Two nurses sat waiting with my mom and me, gathered around the bed like next of kin. “On holiday is she? Where is the husband?” I was floating, floating on their soft voices. They thought I couldn’t hear. I just couldn’t speak. Just to lift my arm and wave, I’m here, I’m here, was too much. “She’s a lovely girl,” another said. I rubbed the sheets between my toes. They were all sweet angels; they had softened the ache and sopped up the blood and they’d wait by my bedside all day.
Hours later—it had to be hours, but it felt like thirty minutes—the face of the angel who’d given me the merciful shot floated in front of my face. I think I’d been sleeping. “Hello, pet. We’re going to take you into theatre now.”
Thank you, I tried to say to her pure blue eyes, her wide freckled cheeks, but all I could do was nod at her beautiful plump face and cool doughy hands.
“And isn’t your little baby up in heaven praying for you right now?” she said.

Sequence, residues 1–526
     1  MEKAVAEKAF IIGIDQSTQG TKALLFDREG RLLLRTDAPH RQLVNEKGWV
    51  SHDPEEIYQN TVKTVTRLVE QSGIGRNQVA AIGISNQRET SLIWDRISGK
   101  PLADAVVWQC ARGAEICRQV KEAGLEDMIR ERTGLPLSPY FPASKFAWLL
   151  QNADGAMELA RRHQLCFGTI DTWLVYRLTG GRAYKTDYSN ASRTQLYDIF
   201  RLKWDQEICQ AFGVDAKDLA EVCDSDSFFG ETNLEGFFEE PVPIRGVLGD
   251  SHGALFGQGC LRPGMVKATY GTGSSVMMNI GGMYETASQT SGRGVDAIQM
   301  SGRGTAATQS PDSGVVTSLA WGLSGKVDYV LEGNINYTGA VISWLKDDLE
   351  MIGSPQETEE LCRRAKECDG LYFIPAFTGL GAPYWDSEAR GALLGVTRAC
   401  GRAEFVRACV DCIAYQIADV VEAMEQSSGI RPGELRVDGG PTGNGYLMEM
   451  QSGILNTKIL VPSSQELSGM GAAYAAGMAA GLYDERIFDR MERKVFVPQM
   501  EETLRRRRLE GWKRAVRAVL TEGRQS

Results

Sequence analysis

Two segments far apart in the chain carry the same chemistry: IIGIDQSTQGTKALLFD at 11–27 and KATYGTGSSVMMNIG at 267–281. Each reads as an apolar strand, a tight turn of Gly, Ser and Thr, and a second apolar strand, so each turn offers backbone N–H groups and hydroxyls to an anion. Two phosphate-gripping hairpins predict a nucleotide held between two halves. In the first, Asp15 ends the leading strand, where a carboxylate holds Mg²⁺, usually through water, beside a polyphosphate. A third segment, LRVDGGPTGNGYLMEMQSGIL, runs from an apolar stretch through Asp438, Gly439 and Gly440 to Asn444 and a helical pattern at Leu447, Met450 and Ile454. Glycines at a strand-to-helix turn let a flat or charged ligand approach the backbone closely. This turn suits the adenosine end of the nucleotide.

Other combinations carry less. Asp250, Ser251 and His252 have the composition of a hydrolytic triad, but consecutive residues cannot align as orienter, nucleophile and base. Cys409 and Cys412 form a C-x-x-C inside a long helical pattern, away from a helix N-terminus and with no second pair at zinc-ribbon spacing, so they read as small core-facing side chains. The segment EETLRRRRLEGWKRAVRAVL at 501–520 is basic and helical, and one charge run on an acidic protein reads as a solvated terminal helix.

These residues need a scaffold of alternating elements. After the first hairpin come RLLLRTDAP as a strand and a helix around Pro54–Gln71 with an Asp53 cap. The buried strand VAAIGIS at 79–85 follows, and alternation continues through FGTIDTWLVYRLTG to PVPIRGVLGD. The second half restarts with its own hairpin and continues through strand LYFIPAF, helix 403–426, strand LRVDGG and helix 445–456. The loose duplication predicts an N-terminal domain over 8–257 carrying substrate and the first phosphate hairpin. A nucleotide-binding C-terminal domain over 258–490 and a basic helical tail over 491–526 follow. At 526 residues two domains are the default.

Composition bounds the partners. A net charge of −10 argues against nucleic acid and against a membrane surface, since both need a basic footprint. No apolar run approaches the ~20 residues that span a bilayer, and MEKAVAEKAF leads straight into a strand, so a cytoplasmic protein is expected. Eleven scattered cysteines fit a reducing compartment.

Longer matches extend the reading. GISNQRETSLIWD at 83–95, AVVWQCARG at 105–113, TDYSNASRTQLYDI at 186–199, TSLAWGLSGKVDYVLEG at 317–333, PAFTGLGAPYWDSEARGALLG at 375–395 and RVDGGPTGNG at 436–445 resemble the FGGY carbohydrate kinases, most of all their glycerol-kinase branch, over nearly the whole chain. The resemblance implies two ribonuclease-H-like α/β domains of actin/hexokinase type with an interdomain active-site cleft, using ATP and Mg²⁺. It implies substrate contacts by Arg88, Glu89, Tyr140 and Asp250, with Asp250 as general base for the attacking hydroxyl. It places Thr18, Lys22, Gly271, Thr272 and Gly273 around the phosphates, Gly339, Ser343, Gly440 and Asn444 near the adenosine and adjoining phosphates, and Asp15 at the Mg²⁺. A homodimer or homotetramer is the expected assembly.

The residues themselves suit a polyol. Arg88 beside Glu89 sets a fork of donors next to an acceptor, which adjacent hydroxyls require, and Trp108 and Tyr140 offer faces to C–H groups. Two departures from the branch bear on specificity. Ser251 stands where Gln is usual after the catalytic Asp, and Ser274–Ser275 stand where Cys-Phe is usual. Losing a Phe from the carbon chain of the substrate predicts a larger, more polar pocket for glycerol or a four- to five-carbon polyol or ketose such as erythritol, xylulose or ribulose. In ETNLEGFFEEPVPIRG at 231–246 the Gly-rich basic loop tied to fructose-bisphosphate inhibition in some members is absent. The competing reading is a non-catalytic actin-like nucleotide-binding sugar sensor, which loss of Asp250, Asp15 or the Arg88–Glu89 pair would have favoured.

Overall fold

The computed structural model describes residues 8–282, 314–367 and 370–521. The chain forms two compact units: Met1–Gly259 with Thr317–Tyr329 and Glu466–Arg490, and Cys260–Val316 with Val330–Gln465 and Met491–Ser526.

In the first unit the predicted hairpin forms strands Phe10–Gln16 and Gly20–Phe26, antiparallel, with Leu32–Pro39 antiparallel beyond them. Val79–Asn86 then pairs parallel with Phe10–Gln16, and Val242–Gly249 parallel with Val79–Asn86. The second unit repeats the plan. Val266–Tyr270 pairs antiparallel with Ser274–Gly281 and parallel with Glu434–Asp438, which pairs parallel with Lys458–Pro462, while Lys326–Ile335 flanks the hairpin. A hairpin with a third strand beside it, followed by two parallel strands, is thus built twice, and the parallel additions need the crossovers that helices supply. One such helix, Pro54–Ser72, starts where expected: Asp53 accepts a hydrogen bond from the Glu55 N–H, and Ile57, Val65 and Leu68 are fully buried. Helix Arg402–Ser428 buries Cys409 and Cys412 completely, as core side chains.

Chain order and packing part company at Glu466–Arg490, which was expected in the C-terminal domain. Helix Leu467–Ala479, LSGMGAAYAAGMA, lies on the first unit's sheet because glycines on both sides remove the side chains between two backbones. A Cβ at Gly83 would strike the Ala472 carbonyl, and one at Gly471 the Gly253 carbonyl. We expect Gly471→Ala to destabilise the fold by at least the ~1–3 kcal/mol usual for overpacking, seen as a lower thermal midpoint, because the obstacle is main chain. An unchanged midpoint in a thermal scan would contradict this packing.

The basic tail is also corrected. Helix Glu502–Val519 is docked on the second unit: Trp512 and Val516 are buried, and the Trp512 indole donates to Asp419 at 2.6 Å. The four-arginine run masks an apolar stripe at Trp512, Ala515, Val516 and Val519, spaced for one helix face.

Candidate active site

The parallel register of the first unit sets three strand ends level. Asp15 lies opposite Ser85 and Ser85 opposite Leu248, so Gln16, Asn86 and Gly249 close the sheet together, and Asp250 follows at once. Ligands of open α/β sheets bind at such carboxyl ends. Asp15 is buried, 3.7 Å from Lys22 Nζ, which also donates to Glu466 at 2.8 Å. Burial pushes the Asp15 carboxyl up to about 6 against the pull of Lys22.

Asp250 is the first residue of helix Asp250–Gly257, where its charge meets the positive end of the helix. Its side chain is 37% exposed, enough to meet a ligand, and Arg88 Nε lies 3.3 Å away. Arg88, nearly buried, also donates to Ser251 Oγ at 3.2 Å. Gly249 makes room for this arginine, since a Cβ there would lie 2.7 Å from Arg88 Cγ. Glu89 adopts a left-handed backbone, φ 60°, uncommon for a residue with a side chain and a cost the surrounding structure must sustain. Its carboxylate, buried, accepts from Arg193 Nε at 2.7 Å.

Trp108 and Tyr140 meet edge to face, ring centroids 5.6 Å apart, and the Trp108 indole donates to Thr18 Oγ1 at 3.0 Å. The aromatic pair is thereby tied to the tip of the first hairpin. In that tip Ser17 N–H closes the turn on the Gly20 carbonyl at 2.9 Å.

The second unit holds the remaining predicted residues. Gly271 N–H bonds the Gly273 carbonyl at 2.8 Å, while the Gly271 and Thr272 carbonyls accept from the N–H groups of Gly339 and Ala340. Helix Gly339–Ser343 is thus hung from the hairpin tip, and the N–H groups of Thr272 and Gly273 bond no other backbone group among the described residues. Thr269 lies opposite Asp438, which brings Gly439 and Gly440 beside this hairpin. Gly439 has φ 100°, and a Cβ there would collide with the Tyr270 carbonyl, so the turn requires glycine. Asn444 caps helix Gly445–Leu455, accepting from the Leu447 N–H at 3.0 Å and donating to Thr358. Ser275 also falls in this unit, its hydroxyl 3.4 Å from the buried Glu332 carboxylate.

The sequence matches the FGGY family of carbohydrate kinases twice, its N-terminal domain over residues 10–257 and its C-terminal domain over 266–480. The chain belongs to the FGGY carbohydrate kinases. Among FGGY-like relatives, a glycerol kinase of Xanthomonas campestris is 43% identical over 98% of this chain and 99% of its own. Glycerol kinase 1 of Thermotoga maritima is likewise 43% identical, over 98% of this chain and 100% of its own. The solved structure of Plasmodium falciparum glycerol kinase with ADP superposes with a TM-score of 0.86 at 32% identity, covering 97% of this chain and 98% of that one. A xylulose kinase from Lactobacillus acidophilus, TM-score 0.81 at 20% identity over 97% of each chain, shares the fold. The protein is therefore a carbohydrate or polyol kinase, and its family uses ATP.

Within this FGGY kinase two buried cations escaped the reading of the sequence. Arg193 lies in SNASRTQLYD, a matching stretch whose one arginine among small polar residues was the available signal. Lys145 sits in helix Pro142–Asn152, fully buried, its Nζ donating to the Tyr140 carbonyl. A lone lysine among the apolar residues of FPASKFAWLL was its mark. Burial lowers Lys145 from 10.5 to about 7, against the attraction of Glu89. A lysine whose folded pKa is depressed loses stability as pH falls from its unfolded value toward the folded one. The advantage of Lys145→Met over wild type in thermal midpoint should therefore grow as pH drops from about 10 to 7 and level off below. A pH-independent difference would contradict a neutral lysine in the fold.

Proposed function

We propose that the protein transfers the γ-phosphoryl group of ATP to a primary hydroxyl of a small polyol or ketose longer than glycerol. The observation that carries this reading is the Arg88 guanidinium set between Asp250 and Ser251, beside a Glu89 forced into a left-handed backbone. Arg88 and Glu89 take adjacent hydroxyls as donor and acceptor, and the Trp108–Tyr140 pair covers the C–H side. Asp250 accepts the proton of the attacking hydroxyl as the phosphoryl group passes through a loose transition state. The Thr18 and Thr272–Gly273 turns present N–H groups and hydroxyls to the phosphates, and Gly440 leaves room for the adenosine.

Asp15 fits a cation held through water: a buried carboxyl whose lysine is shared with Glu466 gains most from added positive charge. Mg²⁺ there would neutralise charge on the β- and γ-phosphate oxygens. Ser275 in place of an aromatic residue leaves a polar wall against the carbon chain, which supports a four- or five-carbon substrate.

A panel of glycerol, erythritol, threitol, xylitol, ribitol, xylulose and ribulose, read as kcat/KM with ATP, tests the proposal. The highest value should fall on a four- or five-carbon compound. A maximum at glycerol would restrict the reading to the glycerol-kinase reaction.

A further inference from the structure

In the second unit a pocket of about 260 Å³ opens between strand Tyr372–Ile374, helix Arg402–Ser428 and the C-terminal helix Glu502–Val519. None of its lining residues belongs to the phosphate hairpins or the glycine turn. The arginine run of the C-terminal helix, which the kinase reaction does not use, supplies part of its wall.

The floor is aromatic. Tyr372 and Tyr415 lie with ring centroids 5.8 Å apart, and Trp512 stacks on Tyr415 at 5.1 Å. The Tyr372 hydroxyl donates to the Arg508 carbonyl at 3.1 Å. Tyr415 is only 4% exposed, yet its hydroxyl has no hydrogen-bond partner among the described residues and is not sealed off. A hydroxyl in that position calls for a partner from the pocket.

I wanted to ask her if I had to believe in heaven in order for that to be true? It was the sweetest thing anybody could possibly say, but I wanted to object.
The next thing I knew a triangular mask hovered over my mouth, gray and plastic. Two or three people moved around the steel table. Draped in pale green surgical gowns, they moved against a sky blue wall.
“Inhale,” somebody said, and I obeyed, at the same time thinking, I might never wake up. I could die here.
Then voices and a gentle touch on my shoulder. “It’s all over now, love.”
“Thank you,” I whispered.
This was all so different than what I’d experienced in America. They were calling what I’d lost a baby, not a fetus.
The head of the hospital, a kind woman said, “We’ll keep you over night now, love. Your parents, they’re elderly. You’re better off with us.”
I didn’t know that my parents were elderly. I couldn’t imagine an overnight stay for a D & C in the U.S. No insurance company would cover it. I was in the maternity ward, babies wailed through the night.
A nurse came to my side. “I’m terribly sorry you have to hear the babies, dear.” She sat down by my bed and held my hand. “You have to grieve it,” she told me. “You have to go through the tears.”
* * *
I am treating a mother as a machine programmed to do everything in its power to propagate copies of the genes which ride inside it. –Richard Dawkins, The Selfish Gene